The Guru Granth Sahib is a book of revelation. It conveys the Word of the Master through his messenger on earth. It is universal in it scope. For Sikhs the greatness of Guru Granth Sahib lies not only in its being ther holy book but also in it being a general scripture intended for everybody, everywhere.

    The Guru Granth Sahib also explains what Guru Nanak meant by a 'perfect individual' or a gurmukh. It is a remarkable storehouse of spiritual knowledge and teachings which does not preach any rites or rituals but stresses meditation on the Name of God. Through its teachings, it can enable men and woman to lead a purposeful and rewarding life while being members of society. It seeks universal peace and the good of all mankind. The Guru Granth Sahib also stresses the democratic way of life and equality of all people. It teaches that we are karam yogis, that we reap what we sow. The emphasis is on moral actions, noble living and working for the welfare of all people. Respect and veneration for the Guru Granth Sahib does not imply idol worship, but rather respect for a divine message, the ideas and ideal contained in the Sikh scripture. Meditation on the True Word, Satnam or the Wonderful Enlightener, Waheguru, or on any line of a verse in the Guru Granth Sahib, may bring the true devotee or disciple to be in tune with God.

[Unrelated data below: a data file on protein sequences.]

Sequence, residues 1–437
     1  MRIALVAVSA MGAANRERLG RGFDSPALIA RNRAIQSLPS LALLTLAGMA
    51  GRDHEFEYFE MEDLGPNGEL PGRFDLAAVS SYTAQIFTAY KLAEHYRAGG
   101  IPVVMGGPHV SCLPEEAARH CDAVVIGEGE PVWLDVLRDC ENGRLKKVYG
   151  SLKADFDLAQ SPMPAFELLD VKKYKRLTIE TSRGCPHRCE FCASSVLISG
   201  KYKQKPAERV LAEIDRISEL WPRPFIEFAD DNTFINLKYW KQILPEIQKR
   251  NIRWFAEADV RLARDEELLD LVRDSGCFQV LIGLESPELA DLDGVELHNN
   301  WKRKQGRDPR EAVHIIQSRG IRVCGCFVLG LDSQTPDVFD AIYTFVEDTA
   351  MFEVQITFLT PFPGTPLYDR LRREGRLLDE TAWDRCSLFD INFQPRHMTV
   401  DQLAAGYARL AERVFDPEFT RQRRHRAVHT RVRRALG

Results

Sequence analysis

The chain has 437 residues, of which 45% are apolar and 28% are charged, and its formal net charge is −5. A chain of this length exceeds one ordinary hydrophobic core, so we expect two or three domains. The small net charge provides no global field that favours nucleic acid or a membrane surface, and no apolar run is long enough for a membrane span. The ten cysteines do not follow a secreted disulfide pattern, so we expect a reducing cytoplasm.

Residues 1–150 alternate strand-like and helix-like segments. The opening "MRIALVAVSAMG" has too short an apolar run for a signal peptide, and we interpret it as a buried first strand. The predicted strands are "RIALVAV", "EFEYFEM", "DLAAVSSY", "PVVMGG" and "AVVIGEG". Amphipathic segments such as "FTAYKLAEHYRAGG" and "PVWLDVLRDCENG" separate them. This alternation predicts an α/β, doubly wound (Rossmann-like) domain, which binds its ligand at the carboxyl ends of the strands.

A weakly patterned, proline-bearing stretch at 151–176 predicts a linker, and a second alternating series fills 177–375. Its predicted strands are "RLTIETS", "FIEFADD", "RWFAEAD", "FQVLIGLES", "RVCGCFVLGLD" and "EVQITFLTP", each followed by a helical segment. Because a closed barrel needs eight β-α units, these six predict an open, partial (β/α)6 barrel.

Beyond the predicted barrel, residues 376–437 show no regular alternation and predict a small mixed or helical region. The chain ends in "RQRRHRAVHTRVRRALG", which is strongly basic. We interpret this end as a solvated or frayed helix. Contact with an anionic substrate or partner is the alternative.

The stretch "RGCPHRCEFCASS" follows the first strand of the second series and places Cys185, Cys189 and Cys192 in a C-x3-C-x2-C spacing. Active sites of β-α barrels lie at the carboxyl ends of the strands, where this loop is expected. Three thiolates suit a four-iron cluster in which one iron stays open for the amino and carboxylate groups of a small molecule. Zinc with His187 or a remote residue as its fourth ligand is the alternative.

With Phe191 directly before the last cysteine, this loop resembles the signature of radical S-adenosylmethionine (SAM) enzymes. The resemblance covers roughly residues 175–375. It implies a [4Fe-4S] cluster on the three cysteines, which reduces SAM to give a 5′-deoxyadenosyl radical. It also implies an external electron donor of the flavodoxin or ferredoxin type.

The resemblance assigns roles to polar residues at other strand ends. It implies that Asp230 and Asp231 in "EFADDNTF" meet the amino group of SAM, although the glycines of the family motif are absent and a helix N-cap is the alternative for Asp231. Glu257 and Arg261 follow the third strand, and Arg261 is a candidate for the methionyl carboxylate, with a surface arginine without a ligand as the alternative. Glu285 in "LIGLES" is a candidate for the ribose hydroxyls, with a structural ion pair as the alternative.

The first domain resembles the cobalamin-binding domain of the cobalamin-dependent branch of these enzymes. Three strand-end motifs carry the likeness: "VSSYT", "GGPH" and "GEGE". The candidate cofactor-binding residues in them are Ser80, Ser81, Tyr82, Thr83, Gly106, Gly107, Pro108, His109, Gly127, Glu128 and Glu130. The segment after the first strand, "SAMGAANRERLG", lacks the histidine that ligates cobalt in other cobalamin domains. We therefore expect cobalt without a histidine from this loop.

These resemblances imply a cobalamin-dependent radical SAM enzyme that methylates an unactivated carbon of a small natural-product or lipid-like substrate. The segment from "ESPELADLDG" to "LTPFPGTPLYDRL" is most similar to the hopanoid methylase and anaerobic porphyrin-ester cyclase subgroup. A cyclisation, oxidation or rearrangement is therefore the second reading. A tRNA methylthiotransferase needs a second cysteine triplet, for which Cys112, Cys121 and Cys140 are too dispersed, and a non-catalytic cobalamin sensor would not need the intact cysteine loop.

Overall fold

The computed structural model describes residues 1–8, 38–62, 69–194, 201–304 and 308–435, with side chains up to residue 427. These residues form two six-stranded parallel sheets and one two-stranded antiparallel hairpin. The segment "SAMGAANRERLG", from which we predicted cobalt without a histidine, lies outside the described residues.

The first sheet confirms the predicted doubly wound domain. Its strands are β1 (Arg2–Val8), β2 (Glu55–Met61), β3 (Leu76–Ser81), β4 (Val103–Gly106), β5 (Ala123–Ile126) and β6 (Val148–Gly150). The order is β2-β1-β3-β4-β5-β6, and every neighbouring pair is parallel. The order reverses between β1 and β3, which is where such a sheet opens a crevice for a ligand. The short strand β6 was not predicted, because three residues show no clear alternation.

Today, when one visits a Gurdwara (a Sikh temple), the Guru Granth Sahib forms the main part of the Darbar Sahib or Main Hall. The holy book is placed on a dominant platform and covered in a very beautiful and attractively coloured fine cloth. The platform is always covered by a canopy, which is also decorated in expensive and very attractive coloured materials. The text in which the Granth is written is a script called Gurmukhi (literally "From the Guru's mouth"), which is considered a modern development of the ancient language called Sanskrit.